Resilient Agriculture

Warm Springs to Prineville

Experience high-desert ranching.

Start your day off by visiting Twisted Teepee on the Warm Springs Reservation, where you can choose from menu items like huckleberry pancakes and Indian fry bread.

If you’re visiting on a Saturday in summer, spend the rest of your morning strolling past the local produce and artisan goods at the Madras Saturday Market in the beautiful Sahalee Park. Then duck into New Basin Distilling Company for a tour of the facility, and sample their spirits made from Opal Springs water and rye grown in Jefferson County.

The ranches in Terrebonne are worth the stop. If you’re visiting in fall, head over to DD Ranch — known for its pumpkin patch, hay rides and petting zoo. If alpacas are more your thing, stop by Crescent Moon Ranch, where you can pet and feed their herd (even the babies) while also sampling their fiber products.

In Prineville head to Sun Life Farm and Ranch for a U-pick lavender experience and to see the apiary. The property is home to 5 miles of hiking trails overlooking the Ochoco Mountains. Make sure to factor in a stop to L & S Farm and Garden, a farm store that offers homemade, canned, pickled and preserved goods including jams, jellies, syrups, seasonings and more.

End your day at the Wine Down Ranch, a working cattle farm with overnight accommodations including a tiny house, a bunkhouse and campsites. In addition to experiencing life on a ranch, the Wine Down is a great spot for hiking, biking, bird-watching and stargazing.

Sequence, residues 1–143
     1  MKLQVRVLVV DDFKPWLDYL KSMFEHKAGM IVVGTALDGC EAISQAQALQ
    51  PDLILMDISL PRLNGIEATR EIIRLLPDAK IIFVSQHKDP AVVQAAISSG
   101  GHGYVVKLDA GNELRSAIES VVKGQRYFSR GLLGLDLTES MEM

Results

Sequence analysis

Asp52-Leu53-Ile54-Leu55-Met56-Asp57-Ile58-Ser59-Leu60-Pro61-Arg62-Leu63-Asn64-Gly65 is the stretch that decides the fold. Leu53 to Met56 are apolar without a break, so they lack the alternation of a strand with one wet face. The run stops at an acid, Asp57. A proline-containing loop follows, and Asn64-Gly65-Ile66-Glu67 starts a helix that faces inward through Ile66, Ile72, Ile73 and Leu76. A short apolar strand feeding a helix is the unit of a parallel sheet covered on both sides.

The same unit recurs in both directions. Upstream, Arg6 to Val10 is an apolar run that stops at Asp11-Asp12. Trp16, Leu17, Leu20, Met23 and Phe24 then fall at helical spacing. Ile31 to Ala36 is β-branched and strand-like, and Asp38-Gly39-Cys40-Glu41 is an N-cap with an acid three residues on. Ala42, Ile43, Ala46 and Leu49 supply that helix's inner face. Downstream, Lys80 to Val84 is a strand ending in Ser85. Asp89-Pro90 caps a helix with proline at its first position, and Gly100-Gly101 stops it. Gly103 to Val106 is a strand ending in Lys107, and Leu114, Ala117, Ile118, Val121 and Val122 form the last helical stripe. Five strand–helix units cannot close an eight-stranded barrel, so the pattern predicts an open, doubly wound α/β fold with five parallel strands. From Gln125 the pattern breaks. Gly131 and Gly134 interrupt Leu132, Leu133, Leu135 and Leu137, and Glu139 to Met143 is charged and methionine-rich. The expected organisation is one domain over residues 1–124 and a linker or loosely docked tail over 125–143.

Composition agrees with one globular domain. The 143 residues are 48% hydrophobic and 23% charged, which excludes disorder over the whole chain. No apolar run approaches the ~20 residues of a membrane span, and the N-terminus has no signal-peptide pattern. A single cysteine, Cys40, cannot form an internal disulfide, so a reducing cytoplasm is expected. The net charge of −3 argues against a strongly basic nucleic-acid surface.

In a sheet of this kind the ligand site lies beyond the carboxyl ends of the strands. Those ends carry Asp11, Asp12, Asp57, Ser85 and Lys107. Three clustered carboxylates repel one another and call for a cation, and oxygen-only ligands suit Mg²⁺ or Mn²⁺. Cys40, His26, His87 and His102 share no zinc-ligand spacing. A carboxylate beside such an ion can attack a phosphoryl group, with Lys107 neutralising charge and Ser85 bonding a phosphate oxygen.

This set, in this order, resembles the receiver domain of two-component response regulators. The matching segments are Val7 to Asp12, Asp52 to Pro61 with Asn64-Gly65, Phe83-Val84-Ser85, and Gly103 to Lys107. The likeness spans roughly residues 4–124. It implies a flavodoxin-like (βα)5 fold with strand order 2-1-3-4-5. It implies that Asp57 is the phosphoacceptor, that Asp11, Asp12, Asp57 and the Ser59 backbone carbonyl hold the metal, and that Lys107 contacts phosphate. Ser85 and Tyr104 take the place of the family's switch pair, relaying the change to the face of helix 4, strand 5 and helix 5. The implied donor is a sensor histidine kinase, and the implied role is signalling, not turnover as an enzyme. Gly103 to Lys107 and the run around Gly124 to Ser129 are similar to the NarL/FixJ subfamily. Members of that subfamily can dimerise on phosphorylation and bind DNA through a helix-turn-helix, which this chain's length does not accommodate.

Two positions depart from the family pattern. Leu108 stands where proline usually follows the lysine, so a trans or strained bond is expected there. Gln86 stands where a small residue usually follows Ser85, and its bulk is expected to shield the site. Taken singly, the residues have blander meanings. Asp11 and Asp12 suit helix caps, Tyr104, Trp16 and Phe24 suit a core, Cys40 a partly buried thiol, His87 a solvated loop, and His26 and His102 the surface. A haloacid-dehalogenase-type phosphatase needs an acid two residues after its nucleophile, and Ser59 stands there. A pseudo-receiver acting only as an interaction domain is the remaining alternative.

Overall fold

More Tasty Stops

There are 44 stops on the High Desert Food Trail, from restaurants to farm stands, to cideries and distilleries, and place to stay along the way. Make your base camp in one of these charming towns and find a delicious farm-to-table meal around the corner. Here are some of the locales to explore.


Warm Springs to Prineville

 Sisters to Redmond

Bend to La Pine


Travel Tips

This year-round, self-guided High Desert Food Trail is designed to be explored at your own pace — you are welcome to start and finish wherever you like. We encourage you to inquire at individual businesses about seasonality and hours of operation before visiting.

High season varies by business but is typically May-October. Seasonality of key products is listed below:

• Leafy greens: March – December

• Rhubarb: June – September

• Lavender: July – August

• Squash and zucchini: July – September

• Tomatoes: July – October

• Potatoes: August – December

• Pumpkins: October – December

The working farms along this trail provide some of the most unique and engaging experiences. We ask that you respect the invitation to enter each property and be cautious around farm animals and equipment. Children must be supervised at all times and you should be prepared to follow all site-specific rules. For your safety and comfort, be prepared with appropriate footwear, sun protection and water.

Annual Events

La Pine Rhubarb Festival | June

La Pine Coop and Garden Tour | August

Lavender Festival | August

DD Ranch Pumpkin Patch | October

Your experience along the High Desert Food Trail should not end when you leave the area. We encourage you to bring a taste of your journey back home to share with friends and family as a reminder of the bounty available in Central Oregon.

Learn more and plan your trip to Central Oregon at Read up on how to explore the High Desert Food Trail.

About The